A DNA bipedal nanowalker with a piston-like expulsion stroke†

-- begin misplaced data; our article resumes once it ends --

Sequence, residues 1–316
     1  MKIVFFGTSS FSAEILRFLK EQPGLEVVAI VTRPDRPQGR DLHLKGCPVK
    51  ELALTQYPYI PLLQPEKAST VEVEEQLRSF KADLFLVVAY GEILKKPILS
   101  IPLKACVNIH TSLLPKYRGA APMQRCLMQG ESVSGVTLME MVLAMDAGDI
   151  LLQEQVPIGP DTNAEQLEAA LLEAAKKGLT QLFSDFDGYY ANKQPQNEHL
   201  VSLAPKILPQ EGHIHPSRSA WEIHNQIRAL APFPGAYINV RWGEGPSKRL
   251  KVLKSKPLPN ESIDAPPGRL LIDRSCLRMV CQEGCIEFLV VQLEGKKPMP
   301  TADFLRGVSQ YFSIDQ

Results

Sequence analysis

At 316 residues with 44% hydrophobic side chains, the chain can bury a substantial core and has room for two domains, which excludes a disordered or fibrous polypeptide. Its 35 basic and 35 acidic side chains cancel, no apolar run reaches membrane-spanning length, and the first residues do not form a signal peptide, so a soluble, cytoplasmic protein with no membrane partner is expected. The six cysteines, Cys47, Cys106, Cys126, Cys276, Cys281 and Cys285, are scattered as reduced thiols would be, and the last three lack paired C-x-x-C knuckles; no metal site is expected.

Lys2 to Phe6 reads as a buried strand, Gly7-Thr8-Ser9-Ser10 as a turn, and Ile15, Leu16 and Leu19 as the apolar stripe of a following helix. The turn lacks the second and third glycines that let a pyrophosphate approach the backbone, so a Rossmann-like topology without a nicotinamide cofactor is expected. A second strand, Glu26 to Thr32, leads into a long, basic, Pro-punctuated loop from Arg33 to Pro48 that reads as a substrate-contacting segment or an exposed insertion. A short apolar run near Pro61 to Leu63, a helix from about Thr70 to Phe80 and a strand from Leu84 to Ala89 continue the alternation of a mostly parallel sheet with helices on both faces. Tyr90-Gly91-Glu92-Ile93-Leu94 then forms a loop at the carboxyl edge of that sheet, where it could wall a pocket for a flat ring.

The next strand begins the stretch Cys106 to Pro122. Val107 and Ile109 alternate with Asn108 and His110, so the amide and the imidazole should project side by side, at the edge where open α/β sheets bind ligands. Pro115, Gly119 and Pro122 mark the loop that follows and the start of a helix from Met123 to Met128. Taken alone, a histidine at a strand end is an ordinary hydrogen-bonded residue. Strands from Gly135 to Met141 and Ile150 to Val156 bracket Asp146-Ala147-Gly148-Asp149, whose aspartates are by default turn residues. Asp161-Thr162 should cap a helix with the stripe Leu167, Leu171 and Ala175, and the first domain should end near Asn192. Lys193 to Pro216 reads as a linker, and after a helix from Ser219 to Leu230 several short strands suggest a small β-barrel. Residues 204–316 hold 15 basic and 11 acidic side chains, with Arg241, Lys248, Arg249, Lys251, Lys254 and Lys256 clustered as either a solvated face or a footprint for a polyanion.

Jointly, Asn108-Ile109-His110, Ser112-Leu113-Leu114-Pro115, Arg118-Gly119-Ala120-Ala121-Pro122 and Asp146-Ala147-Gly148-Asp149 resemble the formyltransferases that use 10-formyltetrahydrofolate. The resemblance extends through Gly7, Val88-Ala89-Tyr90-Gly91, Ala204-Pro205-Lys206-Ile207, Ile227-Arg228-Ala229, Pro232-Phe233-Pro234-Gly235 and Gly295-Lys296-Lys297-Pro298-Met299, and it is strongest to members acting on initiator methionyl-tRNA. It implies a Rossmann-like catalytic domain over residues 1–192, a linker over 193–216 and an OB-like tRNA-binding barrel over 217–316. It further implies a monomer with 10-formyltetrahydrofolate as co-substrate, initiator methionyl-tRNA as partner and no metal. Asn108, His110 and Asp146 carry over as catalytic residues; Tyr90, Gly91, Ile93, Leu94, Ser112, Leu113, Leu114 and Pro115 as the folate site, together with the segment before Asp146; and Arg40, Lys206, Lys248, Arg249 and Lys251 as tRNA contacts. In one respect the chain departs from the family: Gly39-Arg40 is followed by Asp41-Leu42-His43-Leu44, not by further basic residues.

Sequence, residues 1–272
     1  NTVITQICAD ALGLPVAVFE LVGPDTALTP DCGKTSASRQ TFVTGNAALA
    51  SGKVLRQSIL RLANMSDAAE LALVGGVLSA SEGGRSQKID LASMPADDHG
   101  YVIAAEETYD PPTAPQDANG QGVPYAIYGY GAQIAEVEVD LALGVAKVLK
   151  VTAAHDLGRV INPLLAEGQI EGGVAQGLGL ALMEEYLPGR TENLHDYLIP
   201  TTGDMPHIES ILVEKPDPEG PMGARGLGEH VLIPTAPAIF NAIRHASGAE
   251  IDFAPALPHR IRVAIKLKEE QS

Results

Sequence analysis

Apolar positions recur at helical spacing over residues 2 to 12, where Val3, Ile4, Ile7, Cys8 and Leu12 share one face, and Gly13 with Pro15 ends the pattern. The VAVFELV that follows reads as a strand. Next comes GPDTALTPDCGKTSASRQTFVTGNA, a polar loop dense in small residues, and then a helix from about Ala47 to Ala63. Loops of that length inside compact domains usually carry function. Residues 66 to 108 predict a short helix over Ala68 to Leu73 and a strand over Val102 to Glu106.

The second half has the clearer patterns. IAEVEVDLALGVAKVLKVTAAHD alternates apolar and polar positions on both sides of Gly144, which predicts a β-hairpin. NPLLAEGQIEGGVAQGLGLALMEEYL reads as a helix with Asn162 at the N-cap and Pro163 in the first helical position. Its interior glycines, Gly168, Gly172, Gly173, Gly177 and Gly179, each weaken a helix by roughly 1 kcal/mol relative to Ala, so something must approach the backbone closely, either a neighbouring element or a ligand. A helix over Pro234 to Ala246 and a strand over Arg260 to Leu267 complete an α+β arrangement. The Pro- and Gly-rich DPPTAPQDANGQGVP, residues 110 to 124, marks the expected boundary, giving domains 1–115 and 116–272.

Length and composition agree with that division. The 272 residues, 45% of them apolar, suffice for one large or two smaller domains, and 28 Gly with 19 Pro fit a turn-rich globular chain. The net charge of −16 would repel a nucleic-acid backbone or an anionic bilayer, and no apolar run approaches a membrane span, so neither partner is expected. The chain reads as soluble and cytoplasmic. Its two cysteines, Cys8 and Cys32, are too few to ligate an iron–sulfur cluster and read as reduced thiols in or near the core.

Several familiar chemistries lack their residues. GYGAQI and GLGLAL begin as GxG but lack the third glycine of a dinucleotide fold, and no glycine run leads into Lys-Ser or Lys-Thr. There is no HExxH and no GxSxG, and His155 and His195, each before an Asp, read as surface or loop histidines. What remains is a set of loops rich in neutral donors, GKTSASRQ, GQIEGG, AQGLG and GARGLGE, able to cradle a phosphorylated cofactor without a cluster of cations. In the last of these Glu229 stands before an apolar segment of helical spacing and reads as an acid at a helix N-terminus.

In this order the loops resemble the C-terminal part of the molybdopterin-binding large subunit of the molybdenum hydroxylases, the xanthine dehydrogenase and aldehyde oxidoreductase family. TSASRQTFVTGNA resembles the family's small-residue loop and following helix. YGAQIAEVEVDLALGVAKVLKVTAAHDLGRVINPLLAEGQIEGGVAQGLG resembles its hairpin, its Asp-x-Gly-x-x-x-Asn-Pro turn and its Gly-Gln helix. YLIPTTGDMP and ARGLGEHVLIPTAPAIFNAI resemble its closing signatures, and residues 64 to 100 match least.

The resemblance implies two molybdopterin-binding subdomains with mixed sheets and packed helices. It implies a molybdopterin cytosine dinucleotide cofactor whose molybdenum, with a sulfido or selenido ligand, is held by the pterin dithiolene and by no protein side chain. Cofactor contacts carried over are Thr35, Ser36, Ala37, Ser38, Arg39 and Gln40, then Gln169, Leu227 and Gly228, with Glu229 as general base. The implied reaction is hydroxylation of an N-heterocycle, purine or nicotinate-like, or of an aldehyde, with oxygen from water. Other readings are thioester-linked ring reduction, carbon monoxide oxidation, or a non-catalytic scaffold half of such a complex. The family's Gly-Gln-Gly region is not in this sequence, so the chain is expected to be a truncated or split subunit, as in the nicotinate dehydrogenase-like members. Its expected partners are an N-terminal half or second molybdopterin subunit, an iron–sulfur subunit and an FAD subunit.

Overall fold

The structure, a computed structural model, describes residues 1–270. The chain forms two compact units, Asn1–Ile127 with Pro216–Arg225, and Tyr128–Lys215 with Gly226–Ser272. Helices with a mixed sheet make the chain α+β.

Artificial molecular walkers beyond burn-bridge designs are important for nanotechnology, but their systematic development remains difficult. Herein, we have reported a new rationally designed DNA walker–track system and experimentally verified a previously proposed general expulsion regime for implementing non-burn-bridge nanowalkers. The DNA walker has an optically powered engine motif that reversibly extends and contracts the walker via a quadruplex–duplex conformational change. The walker's extension is an energy-absorbing and force-generating process, which drives the walker's leg dissociation off-track in a piston-like expulsion stroke. The unzipping-shearing asymmetry provides the expulsion stroke a bias, which decides the direction of the walker. Moreover, three candidate walkers of different sizes were fabricated. Fluorescence motility experiments indicated two of them as successful walkers and revealed a distinctive size dependence that was expected for these expulsive walkers, but was not observed in previously reported walkers. This study identifies unique technical requirements for expulsive nanowalkers. The present DNA design is readily adapted for making similar walkers from other molecules since the unzipping-shearing asymmetry is common.
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